Facilitating Compliance by Other Teams

Regarding ensuring compliance on a site that will be maintained by others in a CMS, there are two basic strategies for dealing with this:

  1. Establish a process, and then train and trust key staff to comply.
  2. Develop a design and system that enforces compliance technologically.

In a recent project of mine, we started with the first strategy and switched to the second. The content managers simply found it was easier and quicker to find images that looked good within the tigher site design constraints, rather than to restrict themselves to the much smaller set of images that would be compliant.

Enforcing High Contrast within a Design

We managed this by creating a layout which places white text on a black semi-opaque background above the image. To test, make the background image completely white and check the contrast — if it is compliant in that context, your settings will (mathematically) work with any image. The Nielsen Norman Group article shows examples of this.

These days you may also be able to enforce high contrast with stroke (a.k.a., text shadow) although I haven’t really seen this done beautifully.

A note on image sizes

I’m not sure the example you provided should be considered a “large background image.” Seems like a typical, moderate sized web banner to me. Just make sure your organization optimizes/compresses the images for web consumption.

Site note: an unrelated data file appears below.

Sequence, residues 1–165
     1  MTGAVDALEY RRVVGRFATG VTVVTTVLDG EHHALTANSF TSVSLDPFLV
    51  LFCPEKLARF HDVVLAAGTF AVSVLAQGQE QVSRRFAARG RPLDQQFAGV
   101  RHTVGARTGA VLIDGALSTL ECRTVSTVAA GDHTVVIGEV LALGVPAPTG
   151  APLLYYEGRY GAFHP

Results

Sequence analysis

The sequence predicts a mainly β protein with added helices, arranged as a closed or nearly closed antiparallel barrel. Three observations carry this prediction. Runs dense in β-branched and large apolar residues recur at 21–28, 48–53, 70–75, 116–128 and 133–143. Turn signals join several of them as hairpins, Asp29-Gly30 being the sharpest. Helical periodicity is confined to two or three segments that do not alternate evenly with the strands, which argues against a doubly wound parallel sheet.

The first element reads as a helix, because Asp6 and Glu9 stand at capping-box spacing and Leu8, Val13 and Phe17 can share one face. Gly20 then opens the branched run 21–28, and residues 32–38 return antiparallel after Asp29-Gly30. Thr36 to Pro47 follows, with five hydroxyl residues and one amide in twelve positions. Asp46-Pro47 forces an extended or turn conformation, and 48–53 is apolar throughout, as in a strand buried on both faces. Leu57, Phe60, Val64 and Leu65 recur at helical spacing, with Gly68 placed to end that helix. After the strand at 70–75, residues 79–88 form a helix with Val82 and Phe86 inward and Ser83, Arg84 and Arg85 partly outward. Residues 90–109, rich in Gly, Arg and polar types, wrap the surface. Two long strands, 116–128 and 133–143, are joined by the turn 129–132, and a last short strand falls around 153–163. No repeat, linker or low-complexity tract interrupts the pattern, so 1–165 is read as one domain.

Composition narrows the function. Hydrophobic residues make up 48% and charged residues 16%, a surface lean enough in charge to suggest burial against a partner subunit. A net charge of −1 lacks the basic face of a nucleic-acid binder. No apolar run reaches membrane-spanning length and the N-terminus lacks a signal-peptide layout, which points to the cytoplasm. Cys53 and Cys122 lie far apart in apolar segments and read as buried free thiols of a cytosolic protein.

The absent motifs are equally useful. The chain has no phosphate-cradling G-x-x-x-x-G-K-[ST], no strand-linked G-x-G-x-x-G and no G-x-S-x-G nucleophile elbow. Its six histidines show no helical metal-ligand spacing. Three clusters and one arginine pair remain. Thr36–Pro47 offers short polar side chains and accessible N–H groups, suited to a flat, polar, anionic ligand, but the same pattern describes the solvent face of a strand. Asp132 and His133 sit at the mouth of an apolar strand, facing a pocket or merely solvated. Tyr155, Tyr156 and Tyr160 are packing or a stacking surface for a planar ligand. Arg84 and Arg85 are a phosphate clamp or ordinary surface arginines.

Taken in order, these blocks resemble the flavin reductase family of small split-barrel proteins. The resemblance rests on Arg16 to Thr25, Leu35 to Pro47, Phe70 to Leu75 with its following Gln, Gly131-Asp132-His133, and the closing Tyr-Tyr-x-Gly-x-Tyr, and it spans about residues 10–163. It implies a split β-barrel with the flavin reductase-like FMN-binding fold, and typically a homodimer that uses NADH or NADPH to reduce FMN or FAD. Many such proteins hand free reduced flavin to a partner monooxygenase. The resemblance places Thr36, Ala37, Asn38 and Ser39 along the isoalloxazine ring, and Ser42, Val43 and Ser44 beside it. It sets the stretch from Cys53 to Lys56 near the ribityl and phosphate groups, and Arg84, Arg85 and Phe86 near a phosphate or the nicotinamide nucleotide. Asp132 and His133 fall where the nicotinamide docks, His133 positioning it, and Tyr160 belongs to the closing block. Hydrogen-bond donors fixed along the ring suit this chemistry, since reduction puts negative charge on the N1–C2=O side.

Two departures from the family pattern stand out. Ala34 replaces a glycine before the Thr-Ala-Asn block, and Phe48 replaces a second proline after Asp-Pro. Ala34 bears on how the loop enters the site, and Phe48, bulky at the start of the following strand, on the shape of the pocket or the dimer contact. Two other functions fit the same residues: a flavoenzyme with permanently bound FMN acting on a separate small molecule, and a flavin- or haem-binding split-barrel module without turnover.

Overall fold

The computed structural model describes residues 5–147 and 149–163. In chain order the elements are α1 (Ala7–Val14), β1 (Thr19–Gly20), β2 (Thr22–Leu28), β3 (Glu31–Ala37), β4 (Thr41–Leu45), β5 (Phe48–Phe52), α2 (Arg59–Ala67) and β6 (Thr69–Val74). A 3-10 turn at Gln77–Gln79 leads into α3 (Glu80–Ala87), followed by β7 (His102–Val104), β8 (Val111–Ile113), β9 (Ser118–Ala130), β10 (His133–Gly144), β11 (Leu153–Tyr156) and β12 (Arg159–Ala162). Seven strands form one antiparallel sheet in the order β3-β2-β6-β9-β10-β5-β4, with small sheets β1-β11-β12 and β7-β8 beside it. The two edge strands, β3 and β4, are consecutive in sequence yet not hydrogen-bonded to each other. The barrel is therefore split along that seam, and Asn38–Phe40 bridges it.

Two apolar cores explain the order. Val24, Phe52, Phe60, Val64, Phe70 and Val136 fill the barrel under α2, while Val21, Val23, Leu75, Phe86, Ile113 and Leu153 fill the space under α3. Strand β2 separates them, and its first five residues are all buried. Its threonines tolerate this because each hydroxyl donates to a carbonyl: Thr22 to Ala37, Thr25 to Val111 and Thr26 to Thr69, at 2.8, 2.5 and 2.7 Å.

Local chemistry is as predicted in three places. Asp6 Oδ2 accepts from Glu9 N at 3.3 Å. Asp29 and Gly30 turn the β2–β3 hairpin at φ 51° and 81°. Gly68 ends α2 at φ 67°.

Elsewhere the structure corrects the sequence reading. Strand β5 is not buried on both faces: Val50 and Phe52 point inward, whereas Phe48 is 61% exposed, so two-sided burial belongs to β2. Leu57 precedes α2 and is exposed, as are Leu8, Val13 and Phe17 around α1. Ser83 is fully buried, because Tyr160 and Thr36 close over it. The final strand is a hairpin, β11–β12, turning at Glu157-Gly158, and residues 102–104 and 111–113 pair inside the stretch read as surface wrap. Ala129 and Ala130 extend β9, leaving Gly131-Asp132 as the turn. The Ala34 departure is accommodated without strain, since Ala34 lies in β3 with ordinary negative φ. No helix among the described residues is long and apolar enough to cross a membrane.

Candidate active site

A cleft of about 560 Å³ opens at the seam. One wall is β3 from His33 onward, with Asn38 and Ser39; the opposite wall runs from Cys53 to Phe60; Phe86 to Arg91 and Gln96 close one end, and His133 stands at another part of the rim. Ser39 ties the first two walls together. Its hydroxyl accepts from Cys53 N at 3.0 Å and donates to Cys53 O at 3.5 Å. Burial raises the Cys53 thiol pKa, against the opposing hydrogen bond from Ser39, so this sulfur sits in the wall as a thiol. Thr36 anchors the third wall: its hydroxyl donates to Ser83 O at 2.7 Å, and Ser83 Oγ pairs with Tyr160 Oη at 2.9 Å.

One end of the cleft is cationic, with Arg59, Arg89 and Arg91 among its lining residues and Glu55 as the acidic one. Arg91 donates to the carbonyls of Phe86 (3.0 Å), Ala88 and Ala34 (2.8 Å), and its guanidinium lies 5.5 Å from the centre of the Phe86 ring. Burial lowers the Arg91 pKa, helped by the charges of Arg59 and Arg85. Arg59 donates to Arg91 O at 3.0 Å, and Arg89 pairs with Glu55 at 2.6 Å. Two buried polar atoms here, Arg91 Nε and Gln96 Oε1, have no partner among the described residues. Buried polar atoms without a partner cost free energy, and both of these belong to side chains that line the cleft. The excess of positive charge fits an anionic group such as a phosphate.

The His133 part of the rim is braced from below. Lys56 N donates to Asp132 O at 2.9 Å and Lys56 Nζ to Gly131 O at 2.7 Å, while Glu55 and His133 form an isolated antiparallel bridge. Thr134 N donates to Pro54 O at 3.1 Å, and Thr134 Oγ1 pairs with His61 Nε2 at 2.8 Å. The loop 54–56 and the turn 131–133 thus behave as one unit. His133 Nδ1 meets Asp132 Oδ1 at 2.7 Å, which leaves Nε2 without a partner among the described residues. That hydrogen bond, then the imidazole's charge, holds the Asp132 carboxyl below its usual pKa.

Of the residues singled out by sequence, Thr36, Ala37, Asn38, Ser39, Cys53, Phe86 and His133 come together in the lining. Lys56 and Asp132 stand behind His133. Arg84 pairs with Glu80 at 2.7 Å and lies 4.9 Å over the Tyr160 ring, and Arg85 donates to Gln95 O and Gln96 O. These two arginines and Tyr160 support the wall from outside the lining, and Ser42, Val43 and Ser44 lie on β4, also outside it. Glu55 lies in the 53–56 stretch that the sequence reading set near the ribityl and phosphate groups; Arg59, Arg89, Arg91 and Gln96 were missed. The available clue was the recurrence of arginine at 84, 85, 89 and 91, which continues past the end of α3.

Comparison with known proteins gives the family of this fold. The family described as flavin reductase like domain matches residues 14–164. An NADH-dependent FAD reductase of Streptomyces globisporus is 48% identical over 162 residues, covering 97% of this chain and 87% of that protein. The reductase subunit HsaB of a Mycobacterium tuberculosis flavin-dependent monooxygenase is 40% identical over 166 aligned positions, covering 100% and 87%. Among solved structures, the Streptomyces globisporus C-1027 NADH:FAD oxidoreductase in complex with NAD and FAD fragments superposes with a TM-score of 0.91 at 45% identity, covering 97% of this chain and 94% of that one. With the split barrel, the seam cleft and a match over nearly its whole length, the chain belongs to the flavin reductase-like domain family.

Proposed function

Small Screens

The image the in the example above would not be so great on a phone, and thus it should not appear on a phone. An (optional or mandatory) second field should be included in the CMS that would provide a background image for small screens (phones). Ideally, this would be another version of the same image. In this example, perhaps just the surf without the creatures. That will give consistency of experience across devices.

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    I decided not to address the OP’s side notes about the effectiveness carousels in this answer. I think those (very valid) concerns are a separate question.
    – Tim Grant
    Commented Sep 23, 2016 at 12:04
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    +1 for the 508 standards. I recently worked on a site that was required to comply, and now I want every other site to comply too! Commented Sep 23, 2016 at 12:27
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    In the specific example the OP gave, the contrast ratio is about 2.2 to 1 (obviously it changes as the image changes, but that’s a reasonable average). That fails the 3:1 single-A level. Commented Sep 24, 2016 at 16:49